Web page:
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Exfoliation: Is it bad for you?

Updated: Apr 26

 

Mechanical exfoliation


Exfoliation has become a cornerstone in skincare routines worldwide. It involves removing dead skin cells to reveal a smoother, brighter complexion. But there are various ways to exfoliate and not all methods are beneficial for your specific skin type.


The most common form of exfoliation includes mechanical exfoliators, typically scrubs containing sugar, salt, or microplastic beads (yuck!).





Most individuals love this type of exfoliation because you can see and feel the difference in the skin immediately and many mechanical exfoliators are budget-friendly or DIY compatible. Unfortunately, these scrubs tend to be harsh on the skin causing microtears and it's also a lot easier to over-exfoliate certain areas, causing redness or dry patches. While the immediate gratification of a scrub can be tempting, it's difficult to use these gently causing more harm than good in the end. For those who prefer a more hands-on approach, try using a muslin cloth! These provide a gentle physical exfoliation and can help remove dead skin cells and impurities if used with a gentle cleanser.


Chemical exfoliators have recently been seeing more traction and for good reason. This form of exfoliation includes acids or enzymes to chemically dissolve dead skin cells and promote cell turnover. If you've seen ingredients like glycolic acids, lactic acids, and salicylic acid in your skincare routine; you're probably chemically exfoliating! Chemical exfoliants are great because they work at a molecular level, providing a more even and controlled exfoliation. They're also very versatile! Using AHA's (alpha hydroxy acids like glycolic acid and lactic acid) for example is great for improving skin texture and surface exfoliation (similar effect as scrubs). While BHA's (beta hydroxy acids like salicylic acid) focus more on unclogging pores and reducing acne.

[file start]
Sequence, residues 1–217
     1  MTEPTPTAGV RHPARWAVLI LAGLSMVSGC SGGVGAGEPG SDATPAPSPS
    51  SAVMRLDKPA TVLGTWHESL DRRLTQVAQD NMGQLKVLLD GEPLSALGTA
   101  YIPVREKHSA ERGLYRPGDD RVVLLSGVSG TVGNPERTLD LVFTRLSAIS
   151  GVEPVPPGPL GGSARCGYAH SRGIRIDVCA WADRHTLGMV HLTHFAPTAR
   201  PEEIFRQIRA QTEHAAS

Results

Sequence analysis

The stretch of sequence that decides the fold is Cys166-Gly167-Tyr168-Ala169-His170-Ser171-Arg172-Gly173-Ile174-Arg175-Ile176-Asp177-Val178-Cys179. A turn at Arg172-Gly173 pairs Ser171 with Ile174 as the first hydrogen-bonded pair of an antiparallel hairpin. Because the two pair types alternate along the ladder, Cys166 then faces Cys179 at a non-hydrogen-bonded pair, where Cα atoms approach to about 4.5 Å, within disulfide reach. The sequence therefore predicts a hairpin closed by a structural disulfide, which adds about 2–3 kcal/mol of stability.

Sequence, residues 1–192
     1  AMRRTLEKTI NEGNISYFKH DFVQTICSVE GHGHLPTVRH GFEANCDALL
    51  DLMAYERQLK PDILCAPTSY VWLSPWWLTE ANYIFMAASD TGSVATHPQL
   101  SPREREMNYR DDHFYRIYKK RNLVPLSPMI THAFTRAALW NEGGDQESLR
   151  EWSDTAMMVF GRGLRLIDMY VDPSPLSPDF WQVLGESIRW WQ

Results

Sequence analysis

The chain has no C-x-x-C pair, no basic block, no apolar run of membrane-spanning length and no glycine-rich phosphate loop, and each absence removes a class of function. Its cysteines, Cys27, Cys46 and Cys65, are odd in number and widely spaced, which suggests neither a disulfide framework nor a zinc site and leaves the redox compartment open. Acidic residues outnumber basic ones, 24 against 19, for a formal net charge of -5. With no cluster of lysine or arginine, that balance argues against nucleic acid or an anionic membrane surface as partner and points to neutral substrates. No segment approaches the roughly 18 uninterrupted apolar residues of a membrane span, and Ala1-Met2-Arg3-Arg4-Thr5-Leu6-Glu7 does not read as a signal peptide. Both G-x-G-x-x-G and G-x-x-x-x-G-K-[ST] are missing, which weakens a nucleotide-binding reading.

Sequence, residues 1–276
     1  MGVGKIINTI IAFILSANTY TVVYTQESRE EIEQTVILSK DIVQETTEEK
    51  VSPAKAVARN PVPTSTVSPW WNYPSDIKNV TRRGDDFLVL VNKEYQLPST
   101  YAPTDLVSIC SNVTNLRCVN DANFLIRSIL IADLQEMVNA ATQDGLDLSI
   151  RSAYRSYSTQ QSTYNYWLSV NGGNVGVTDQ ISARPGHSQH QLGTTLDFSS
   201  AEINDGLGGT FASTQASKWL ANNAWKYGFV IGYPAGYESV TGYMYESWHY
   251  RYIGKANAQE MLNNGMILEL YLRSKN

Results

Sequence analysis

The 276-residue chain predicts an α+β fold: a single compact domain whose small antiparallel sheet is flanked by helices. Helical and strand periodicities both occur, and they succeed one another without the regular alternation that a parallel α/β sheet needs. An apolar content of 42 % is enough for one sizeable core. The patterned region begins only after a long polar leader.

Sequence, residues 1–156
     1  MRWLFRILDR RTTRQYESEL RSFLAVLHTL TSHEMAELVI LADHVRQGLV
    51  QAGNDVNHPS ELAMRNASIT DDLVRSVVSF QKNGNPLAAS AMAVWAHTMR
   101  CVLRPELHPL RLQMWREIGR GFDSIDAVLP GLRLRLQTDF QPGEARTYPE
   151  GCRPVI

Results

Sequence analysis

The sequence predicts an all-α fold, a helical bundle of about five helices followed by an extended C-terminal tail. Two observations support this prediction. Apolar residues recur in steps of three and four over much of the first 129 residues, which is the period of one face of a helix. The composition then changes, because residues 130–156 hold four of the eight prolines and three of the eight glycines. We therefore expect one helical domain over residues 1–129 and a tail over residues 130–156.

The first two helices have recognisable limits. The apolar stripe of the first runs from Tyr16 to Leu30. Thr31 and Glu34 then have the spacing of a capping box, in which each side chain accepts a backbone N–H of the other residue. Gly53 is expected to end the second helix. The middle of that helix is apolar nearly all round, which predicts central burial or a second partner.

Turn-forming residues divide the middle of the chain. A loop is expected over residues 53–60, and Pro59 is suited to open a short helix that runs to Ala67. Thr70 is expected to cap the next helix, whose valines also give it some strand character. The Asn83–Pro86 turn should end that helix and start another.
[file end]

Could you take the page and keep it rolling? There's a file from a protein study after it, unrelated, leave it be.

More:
chemical exfoliation

So where do chemical exfoliators fall short? Since they work at a molecular level, you can't always tell right away if you've overdone it. It's very important to monitor your skin regardless of the exfoliation method you choose. Pay attention to any signs of irritation, redness, or dryness, and adjust your exfoliation frequency accordingly. To start, begin with once a week and gradually increase frequency as your skin adjusts.

Also to note, chemical exfoliators can make your skin more sensitive to the sun which requires diligent use of sunscreen - but we should be doing that anyway, right? ;)


The American Academy of Dermatology Association, advises 'because every type of exfoliation may not work for every skin type, it’s important to consider your skin type before choosing an exfoliation method:

  • Sensitive skin may sting or burn after product use

  • Normal skin is clear and not sensitive

  • Dry skin is flaky, itchy, or rough

  • Oily skin is shiny and greasy

  • Combination skin is dry in some areas and oily in others.'


Key Takeaways:

  • Exfoliation is an important step in any skincare routine if you want your skin to be happy and healthy, but choosing the right method for you and monitoring your skin's response is crucial for achieving optimal results.

  • While mechanical exfoliators are great for instant gratification, it's difficult to be gentle which is why we recommend a muslin cloth over any variation of scrubs.

  • Chemical exfoliation has greater long-term benefits and is overall safer, making it the preferred choice for many skincare enthusiasts.






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